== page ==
Ojala PJ, et al. (2001) Identification of yeast cofilin residues specific for actin monomer and PIP2 binding. Biochemistry 40(51):15562-9
Abstract: Cofilin/ADF is a ubiquitous actin-binding protein that is important for rapid actin dynamics in vivo. The long alpha-helix (helix 3 in yeast cofilin) forms the most highly conserved region in cofilin/ADF proteins, and residues in the NH2-terminal half of this alpha-helix have been shown to be essential for actin binding in cofilin/ADF. Recent studies also suggested that the basic residues in the COOH-terminal half of this alpha-helix would play an important role in F-actin binding. In contrast to these studies, we show here that the charged residues in the COOH-terminal half of helix 3 are not important for actin filament binding in yeast cofilin. Mutations in these residues, however, result in a small defect in actin monomer interactions. We also show that yeast cofilin can differentiate between various phosphatidylinositides, and mapped the PI(4,5)P2 binding site by using a collection of cofilin mutants. The PI(4,5)P2 binding site of yeast cofilin is a large positively charged surface that consists of residues in helix 3 as well as residues in other parts of the cofilin molecule. This suggests that cofilin/ADF proteins probably interact simultaneously with more than one PI(4,5)P2 molecule. The PI(4,5)P2-binding site overlaps with areas that are important for F-actin binding, explaining why the actin-related activities of cofilin/ADF are inhibited by PI(4,5)P2. The biological roles of actin and PI(4,5)P2 interactions of cofilin are discussed in light of phenotypes of specific yeast strains carrying mutations in residues that are important for actin and PI(4,5)P2 binding.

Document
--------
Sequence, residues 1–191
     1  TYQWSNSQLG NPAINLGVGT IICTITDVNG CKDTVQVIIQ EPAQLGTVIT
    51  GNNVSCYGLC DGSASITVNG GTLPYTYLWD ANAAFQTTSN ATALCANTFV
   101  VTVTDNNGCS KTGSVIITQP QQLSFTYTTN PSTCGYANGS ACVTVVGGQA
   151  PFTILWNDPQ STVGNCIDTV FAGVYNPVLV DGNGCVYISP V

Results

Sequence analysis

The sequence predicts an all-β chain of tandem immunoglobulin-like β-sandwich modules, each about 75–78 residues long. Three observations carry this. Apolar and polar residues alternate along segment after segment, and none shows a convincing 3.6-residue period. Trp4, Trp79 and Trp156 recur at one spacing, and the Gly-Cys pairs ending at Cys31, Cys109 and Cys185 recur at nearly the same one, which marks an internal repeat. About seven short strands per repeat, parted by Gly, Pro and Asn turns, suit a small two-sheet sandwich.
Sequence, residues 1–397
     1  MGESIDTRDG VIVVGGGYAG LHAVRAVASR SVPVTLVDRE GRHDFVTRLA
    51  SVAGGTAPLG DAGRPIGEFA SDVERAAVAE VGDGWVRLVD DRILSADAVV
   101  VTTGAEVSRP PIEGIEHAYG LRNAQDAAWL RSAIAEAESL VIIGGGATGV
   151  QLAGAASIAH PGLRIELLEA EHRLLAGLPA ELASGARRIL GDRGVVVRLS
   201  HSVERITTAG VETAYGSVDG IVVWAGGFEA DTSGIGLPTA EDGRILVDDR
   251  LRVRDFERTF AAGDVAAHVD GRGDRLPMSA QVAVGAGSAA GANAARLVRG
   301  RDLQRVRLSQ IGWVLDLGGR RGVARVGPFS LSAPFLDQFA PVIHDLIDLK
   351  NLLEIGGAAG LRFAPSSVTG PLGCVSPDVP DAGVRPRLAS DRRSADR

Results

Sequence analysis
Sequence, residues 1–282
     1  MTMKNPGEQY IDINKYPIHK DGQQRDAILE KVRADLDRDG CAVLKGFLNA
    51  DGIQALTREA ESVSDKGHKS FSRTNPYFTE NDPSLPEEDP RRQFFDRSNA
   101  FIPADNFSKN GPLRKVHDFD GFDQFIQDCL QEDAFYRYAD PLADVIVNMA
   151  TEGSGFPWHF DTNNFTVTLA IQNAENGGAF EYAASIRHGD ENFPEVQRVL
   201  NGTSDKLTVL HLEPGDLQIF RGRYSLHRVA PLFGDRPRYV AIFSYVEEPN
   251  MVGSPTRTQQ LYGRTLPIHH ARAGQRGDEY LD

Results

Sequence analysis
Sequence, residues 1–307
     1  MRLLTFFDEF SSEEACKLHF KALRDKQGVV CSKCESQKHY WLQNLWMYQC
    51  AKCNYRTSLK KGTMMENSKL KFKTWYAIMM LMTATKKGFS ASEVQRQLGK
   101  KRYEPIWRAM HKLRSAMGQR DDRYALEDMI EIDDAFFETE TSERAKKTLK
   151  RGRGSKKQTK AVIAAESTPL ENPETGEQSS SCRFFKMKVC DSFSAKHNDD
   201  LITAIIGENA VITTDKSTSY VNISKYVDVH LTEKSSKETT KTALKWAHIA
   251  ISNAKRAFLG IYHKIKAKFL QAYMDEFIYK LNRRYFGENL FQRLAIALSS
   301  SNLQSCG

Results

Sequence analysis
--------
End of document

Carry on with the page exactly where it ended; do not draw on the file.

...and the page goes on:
|Status: Published||Type: Journal Article||PubMed ID: 11747431|
Topics addressed in this paper
Number of different genes curated to this paper: 2
- To find other papers on a gene and topic, click on the colored ball in the appropriate box.
- displays other papers with information about that topic for that gene.
- displays other papers in SGD that are associated with that topic.
The topic is addressed in these papers but does not describe a specific gene or chromosomal feature.
- To go to the Locus page for a gene, click on the gene name.